Musings on a Monastery

The latter part of last week was spent at Mount Carmel Spiritual Centre. This remarkable Carmelite Monastery was built in 1894 and sits near Niagara Falls. I was there for a meeting of the Joint Anglican Lutheran Commission (JALC), a group of people tasked with monitoring the full communion partnership of the Anglican Church of Canada of Canada and the Evangelical Lutheran Church in Canada.

I have been a part of this commission for some 12 years, and for many of these years our biannual meetings have taken place Mount Carmel. I have also been at this locale for other retreats. It has a bit of a feeling of a spiritual home for me. The staff here are always warm and welcoming, the food is excellent, and I generally manage a number of trips to the waterfall with each stay. Many people complain about the commercialisation of Niagara Falls, but there is something about the power of the water here that allows me to rise above the kitsch of the streets, and to be drawn into the drama of millions of litres of water racing toward the ocean, like a bird after its prey.

The group that gathers constantly changes, like the waterfall itself, I suppose. Of the 12 people in the current iteration of JALC, only 3 of them journeyed with me to this point from my beginning. I come now to the end of my time, as do many. The commission has three-year mandates, and so it will be reconstituted next fall. Some people will return. Many will not, I think. There were tears in the good-byes, and that says something about the gift it has been to be a part of this JALC.

This goodbye was a bit odd in a way, for me. I opted to stay at the Monastery another night, since I was to lead a workshop in the area the next day, and a trip back home Friday night, only to return Saturday morning seemed a waste of time and a needless emission of carbon. But as the crew left, I felt a kind of homesickness, in reverse perhaps. Sick-at-homeness, might better name it. I mentioned in my goodbye that those who have sojourned with me for these years will “haunt” the halls at Mount Carmel upon my return to this place. Indeed, even as they left, memories from this most recent meeting arrived as precisely that: memories. There is something particularly poignant about recent recollections; their sharpness is a reminder that they will fade; their proximity comes with the realization that these days have left and will not return.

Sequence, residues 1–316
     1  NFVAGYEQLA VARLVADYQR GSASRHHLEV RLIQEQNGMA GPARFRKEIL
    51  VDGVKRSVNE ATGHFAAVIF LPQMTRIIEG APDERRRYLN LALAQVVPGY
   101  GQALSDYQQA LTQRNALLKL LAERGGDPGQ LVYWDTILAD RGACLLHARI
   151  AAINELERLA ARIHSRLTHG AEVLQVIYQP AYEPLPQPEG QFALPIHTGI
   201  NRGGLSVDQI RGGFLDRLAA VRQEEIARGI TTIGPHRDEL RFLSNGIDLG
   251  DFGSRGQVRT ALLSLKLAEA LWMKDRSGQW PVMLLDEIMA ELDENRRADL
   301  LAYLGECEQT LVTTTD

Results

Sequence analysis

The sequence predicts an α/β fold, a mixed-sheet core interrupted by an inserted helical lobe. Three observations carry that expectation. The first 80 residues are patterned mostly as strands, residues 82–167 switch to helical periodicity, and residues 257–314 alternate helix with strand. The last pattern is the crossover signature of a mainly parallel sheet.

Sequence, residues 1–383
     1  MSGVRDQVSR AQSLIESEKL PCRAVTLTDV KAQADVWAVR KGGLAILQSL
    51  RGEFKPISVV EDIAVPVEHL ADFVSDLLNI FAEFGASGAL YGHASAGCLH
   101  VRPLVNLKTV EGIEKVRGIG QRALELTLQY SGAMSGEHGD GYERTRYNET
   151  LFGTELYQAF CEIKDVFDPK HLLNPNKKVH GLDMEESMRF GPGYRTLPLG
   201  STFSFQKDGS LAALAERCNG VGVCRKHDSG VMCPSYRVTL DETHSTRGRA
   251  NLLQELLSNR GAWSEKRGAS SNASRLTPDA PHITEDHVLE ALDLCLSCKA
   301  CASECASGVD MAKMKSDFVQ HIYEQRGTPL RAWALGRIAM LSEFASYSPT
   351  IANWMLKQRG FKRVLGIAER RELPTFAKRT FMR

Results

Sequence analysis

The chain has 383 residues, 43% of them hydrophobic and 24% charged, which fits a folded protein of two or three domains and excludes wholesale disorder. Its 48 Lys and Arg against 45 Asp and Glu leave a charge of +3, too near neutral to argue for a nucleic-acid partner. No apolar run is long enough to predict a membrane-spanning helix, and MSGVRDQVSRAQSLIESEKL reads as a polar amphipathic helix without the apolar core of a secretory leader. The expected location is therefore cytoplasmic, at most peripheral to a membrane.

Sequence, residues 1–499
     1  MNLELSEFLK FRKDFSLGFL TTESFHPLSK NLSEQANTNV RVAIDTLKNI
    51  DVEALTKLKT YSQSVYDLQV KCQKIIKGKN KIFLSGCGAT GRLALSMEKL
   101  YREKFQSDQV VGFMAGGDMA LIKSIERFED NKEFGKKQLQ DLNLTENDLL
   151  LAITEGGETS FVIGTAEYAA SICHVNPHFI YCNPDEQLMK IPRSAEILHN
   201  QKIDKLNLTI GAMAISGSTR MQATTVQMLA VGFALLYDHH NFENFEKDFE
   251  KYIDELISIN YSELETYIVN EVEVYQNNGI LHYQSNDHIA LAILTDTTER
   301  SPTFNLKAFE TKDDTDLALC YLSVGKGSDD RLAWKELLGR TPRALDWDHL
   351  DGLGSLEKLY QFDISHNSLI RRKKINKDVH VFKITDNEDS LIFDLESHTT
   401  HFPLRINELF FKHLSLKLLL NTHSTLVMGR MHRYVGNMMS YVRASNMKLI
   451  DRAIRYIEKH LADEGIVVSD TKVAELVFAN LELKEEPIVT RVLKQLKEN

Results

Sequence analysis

Of course, JALC will return to Mount Carmel, as will I, but we will not meet together. This is the way of the world and the church, and it is the way it should be. A healthy committee needs to be renewed, and committee members need to move on to something new. I have enjoyed my time with JALC, and have been formed in important ways by my fellow commissioners, these dear friends, brothers and sisters all.

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4 thoughts on “Musings on a Monastery

  1. shoreacres says:

    What you say about the dissolution and re-formation of your groups reminds me of blogging. Over the decade or so that I’ve maintained a blog, it’s been fascinating to watch changes in my readership. Some have been with me from the very beginning; others are quite new. A few readers have died; some simply have disappeared. It’s fascinating to go back to the first two or three years of the blog and read the comments, often from people I no longer think of. Still, seeing their names, everything about our relationship comes back to mind. It’s a pleasing experience, even with so many questions about where some have gone.

    • agjorgenson says:

      Nicely said! Yes, the followers have changed so much. Earlier, I seemed to have had more time, or made more time, to visit sites and comment, all conditions for building readership. But things have changed. Also, so many of the people who used to read and comment regularly no longer post, and seem to have fallen off the radar altogether. But still I write, and will for some time, I think. I was saying to a colleague the other day, that I write for me. If some others enjoy my musing, great. But in many ways, this is mostly soul care.

  2. “their sharpness is a reminder that they will fade.” Such a terribly beautiful and sad and hopeful reminder of the sweet briefness of our memories and lives. Thank you.

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